But while Toriyama’s iconic work has been given a drastic revival thanks to Dragon Ball Super (2015–), Yu Yu Hakusho becomes more of a historical artifact with each passing day. However, Togashi’s name has stayed in the limelight of current anime and manga fandom due to the success of his other work Hunter x Hunter (1998–), which itself has seen not one but two different animated adaptations by Nippon Animation (1999–2001) and Madhouse, Inc. (2011–). Many younger fans of Hunter x Hunter are unfamiliar with Togashi’s earlier work, often unaware of Yu Yu Hakusho’s existence. While this fact may induce geriatric dread for those who grew up with the scrappy high-school wielder of the Spirit Gun, it should also be gratifying to know that neither Hunter x Hunter nor its patrons risk being caught in the formidable undertow of its older sibling’s well-earned reputation; and, similarly, it ought to be appreciated that Togashi as an artist has been fortunate enough to have not one but two distinct smash hits for which he is admired. And for fans of both, it is surely entertaining to spy some similarities between Togashi’s characters from both works, like Ging Freecss’ superficial resemblance to Yusuke Urameshi.
Despite its age and period-specific aesthetic (whether referring to its beautiful cel animation or totally rad late-eighties fashion sensibilities), like any great work the important components of Yu Yu Hakusho remain timeless. Characters like the wise Genkai and dedicated pep talker Botan are unforgettable, as are many of the important lessons they teach. Yusuke’s journey of maturation showcases countless profound themes as he grows from apathetic ne’er-do-well to champion of humanity, a troubled youth fighting for nothing into a responsible, caring adult. There will always be dissidents in the world, in every country and in every era, who may potentially identify with an unlikely hero like Yusuke. And rather than blindly submitting to authority or becoming the next supervillain, another path, one which might resemble Urameshi’s, between these extremes always exists: become the best version of yourself that you can be, while realizing that there’s always someone better out there and always room for improvement. Strive to do the right thing (as best as you can peg it), not simply because somebody—a teacher, parent, government leader, or religious figure—tells you so, but because the people who care about you (and much of the rest of the world, be it this one, Spirit World, or even Demon World) rely on it more than it may seem. And, as opposed to dominating or subjugating others, real strength comes from having power and being able to exercise restraint.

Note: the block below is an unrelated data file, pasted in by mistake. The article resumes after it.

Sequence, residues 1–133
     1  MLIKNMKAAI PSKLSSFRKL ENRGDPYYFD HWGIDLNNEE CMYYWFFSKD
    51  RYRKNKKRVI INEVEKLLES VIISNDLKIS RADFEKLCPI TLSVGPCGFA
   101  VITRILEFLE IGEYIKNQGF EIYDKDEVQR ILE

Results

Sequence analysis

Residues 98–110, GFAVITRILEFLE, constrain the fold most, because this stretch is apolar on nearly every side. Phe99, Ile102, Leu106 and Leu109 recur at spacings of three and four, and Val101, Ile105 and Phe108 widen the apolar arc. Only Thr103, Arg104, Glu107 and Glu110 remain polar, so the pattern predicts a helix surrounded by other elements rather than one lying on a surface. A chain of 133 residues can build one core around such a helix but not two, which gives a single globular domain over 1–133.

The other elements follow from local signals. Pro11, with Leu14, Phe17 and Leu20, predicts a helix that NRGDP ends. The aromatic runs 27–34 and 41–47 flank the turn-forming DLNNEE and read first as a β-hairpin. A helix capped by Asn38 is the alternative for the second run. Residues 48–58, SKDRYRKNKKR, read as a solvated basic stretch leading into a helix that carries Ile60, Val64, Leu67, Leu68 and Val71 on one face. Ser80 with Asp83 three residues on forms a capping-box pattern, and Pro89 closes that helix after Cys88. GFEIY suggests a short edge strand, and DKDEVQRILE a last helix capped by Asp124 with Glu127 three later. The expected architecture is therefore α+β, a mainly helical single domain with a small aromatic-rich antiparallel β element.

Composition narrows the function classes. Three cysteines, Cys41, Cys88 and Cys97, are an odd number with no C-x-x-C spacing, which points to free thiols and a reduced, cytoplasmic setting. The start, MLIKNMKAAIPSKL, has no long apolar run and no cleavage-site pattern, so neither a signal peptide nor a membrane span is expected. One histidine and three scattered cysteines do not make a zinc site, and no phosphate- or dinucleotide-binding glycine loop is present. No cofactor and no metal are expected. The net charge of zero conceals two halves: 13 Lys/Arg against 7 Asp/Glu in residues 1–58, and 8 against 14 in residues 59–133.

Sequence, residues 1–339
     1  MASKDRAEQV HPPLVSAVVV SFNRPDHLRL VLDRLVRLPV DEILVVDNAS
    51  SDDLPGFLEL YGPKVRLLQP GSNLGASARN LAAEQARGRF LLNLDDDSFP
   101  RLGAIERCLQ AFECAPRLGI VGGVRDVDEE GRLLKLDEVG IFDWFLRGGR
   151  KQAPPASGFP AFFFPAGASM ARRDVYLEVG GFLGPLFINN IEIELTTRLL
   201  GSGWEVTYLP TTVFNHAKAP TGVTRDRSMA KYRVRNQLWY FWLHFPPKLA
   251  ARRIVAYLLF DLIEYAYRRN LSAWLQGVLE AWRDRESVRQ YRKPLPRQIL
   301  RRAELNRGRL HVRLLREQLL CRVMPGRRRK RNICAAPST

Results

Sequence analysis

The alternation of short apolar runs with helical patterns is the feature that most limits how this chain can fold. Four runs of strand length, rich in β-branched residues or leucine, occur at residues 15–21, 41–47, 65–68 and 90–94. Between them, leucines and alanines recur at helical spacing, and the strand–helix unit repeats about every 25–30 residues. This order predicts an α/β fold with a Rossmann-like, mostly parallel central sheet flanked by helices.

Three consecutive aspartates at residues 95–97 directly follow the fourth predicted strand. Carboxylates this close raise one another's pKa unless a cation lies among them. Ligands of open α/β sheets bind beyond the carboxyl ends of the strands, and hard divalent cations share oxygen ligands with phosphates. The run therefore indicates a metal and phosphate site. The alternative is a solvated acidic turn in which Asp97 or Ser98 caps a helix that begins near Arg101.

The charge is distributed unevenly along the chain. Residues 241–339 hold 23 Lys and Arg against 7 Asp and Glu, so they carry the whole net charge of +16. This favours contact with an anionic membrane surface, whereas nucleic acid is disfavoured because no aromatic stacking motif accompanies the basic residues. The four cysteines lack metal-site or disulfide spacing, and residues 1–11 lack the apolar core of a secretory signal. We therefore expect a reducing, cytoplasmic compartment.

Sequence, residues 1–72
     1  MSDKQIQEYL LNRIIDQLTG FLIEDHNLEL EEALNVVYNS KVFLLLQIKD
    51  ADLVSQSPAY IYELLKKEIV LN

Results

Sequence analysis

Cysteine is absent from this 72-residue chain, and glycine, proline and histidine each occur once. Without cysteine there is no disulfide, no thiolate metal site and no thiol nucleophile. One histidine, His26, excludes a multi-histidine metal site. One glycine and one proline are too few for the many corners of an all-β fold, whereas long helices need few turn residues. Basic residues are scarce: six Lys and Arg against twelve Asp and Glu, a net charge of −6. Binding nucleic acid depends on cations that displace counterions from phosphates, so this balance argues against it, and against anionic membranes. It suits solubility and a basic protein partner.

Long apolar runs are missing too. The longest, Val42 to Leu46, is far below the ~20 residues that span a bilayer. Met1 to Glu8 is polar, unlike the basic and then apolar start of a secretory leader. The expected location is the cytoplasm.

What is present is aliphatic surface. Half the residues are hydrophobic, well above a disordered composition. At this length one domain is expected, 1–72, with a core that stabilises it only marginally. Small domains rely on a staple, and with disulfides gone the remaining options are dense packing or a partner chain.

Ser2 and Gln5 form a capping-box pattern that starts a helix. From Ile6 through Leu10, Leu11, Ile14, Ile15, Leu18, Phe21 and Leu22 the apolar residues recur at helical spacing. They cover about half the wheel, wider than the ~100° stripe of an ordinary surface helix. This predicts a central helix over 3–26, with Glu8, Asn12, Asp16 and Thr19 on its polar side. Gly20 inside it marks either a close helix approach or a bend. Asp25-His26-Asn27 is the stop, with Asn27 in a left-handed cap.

As long as there are lovably immature, slightly troubled adolescents looking for validation from role models (and, of course, a chance to shake things up) while seeking to prove themselves to the world, Yu Yu Hakusho will always have a reserved seat at the table of popular culture. At least in America, as is perhaps the case elsewhere, the belief that one’s checkered past need not prevent eventual personal success or moral redemption—only if one resolutely chooses to turn over a new proverbial leaf, of course—is just too appealing to fade away any time soon.